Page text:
On Resilient Settlement

Tools and strategies for transition

Watch out for those “externality costs!”

Tragedy of the Commons

An illustration of the Tragedy of the Commons, applied to land use. The concept applies to other, broader commons-based resources too.

I think the name of the game nowadays is not left and right, not populist and elitist, not rural and urban. It’s the Tragedy of the Commons, and we’re all culprits at present. But what is happening in the political world is best understood as, who is best at working the Tragedy of the Commons for their own maximum short-term benefit? (You could consider this a version of the old Watergate maxim, “follow the money.”)

The Tragedy of the Commons in economics comes from the old story of 100 people with 100 cows grazing on their Commons. If one of those people adds one more cow, that is only a one percent loss for the group, but a 100% gain for the single villager. So the villager has every reason to persuade the rest of the group to look the other way. The harm is not that great to the rest of them, after all.

The trouble of course comes when a second villager does it (with only another slightly less than one percent loss for the group, but a near-doubling of gain for the second villager). And then another, and another, and so on… and soon, the Commons is trashed.

Replace any commons resource (forests, fisheries, minerals, water, climate, etc etc) and you can quickly see the problem in modern economic and cultural terms.

One serious kind of proposal is to privatize the commons, and then hope that market mechanisms will take care of the rest. As materials get depleted, prices go up, rewarding conservation. BZZZ, wrong answer! Markets can fail (who knew?). Rationality can be bounded. Villagers can trash the commons, sell all their cows before the prices fall, and skip town.

To complement (not replace) market dynamics, we need wise stewardship. We actually do need a civic philosophy, and a realm of civic and ethical choice. (Again, who knew?)

More pointedly, and more relevant to today, villagers can come up with all manner of smokescreens of what is really going on. Perceptions can be managed, milk-starved children can be totted out, lost dairyman jobs can be bemoaned. Villagers can be pitted against one another, adding to a growing state of confusion.

This is not random, of course. It is a winning strategy, at least in the short term.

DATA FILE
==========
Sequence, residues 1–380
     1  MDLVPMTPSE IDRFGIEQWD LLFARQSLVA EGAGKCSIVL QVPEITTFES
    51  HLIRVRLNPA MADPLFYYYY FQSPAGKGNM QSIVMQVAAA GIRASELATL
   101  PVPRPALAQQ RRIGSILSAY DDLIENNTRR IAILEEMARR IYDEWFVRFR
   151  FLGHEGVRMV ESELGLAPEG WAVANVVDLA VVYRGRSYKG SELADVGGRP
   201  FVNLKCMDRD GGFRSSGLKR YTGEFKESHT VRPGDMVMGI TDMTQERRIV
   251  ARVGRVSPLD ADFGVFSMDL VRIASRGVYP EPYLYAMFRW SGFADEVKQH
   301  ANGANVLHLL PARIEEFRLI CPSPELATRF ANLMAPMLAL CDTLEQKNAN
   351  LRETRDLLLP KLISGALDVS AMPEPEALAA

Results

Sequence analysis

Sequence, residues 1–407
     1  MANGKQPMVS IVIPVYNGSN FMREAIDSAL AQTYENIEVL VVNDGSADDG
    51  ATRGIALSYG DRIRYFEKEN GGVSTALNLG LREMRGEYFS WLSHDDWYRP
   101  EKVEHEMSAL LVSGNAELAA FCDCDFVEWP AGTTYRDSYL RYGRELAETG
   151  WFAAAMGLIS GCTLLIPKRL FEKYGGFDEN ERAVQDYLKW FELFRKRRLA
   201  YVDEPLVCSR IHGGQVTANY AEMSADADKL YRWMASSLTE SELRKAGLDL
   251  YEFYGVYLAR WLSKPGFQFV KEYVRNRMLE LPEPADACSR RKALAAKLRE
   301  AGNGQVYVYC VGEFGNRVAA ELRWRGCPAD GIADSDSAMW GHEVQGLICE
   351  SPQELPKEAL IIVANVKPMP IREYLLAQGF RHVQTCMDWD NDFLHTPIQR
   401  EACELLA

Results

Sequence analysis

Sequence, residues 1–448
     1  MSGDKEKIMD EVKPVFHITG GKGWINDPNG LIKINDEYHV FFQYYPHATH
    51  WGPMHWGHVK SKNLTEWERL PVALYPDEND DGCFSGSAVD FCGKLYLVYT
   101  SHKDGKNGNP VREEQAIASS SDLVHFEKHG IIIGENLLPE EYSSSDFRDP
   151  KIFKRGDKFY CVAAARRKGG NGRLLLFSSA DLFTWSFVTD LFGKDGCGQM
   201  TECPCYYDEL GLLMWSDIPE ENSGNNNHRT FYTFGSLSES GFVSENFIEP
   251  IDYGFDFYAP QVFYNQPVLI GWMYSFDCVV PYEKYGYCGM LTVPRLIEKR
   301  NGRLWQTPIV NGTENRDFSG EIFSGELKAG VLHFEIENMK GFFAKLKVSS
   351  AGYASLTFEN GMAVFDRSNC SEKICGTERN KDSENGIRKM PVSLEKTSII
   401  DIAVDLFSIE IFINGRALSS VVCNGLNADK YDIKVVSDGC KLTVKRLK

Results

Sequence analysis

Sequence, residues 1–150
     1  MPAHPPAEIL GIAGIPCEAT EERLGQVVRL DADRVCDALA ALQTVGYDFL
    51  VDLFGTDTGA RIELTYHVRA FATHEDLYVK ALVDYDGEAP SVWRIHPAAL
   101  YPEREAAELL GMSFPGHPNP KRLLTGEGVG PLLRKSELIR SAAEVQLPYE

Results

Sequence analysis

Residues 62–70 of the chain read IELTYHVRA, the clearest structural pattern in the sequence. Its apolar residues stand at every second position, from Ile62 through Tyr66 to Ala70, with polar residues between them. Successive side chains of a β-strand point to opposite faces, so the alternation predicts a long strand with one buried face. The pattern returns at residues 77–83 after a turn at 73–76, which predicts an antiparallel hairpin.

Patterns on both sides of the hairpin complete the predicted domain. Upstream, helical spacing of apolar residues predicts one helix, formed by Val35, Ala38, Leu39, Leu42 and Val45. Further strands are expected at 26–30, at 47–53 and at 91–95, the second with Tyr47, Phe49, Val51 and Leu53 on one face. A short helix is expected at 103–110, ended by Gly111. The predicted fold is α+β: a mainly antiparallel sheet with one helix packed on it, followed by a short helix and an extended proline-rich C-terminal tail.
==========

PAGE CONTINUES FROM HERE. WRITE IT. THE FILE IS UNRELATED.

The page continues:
A better answer, that still exploits some of the self-organizing power of markets, is to “monetize the externalities,” to figure out what the actual impacts will be to the commons, and then assess fees (and rewards) accordingly.  In essence we need to create a web-network of feedback loops, whereas there are too many “dead end economic pathways,”  that leave dead ends for our outcomes too.

This is not a simple matter — of, say, finding a mechanistic formula. It involves dynamic, adjusted predictions of nature, and also ethical choices — just as we do all the time, in setting tax rates, or park fees, or store rebates, or frequent flyer miles, or anything else. (No, it’s not all done by magical “invisible hands.” Yes, we get feedback, and make adjustments — but it is WE who are in the cockpit, flying the civilization so to speak — not just a kind of economic “autopilot”.)

A carbon tax would be one example in today’s world. So would a broader “Georgist tax policy”, taxing consumption of resources like land, but leaving untaxed (and therefore relatively incentivized) the wealth that is created WITH the resources. This “Georgism” is an approach that often unites people on the “right” and “left” politically speaking.

(Among other urban benefits it would reward compact urbanism, whereas the current system rewards parking lots and sprawl. Part of the reason is that building a building that may or may not make any money but definitely has increased real estate tax just adds to risk and cost, whereas fleeing to the cheaper land, or finding low-risk returns like parking lots, mitigates that cost.)

There is a whole world of strategies and approaches of this kind, and I think we as urbanists should be looking hard at them. (I could make a long list: demand-based parking or tolling charges, congestion charges, location-efficient mortgage credits, “feebates,” SDC credits, etc etc etc.)

But the economy as a whole also has to transition to this direction, if we are to avert absolute catastrophe. I increasingly see this is the stark reality we face. And what is sure to happen along the way is increasing manipulation, rationalization, emotional button-pushing, divide-and-conquer, confusion, gaslighting, divisiveness, anger, paranoia… conflict.

This will not be random. This will be the game well played by the inevitable opportunists of human civilization. We are their prey, or we are their competitors – it’s our choice.

The former alternative means that our future will be stolen, and sold off to the highest bidder for a quick, destructive profit.

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This entry was posted on June 24, 2017 by .

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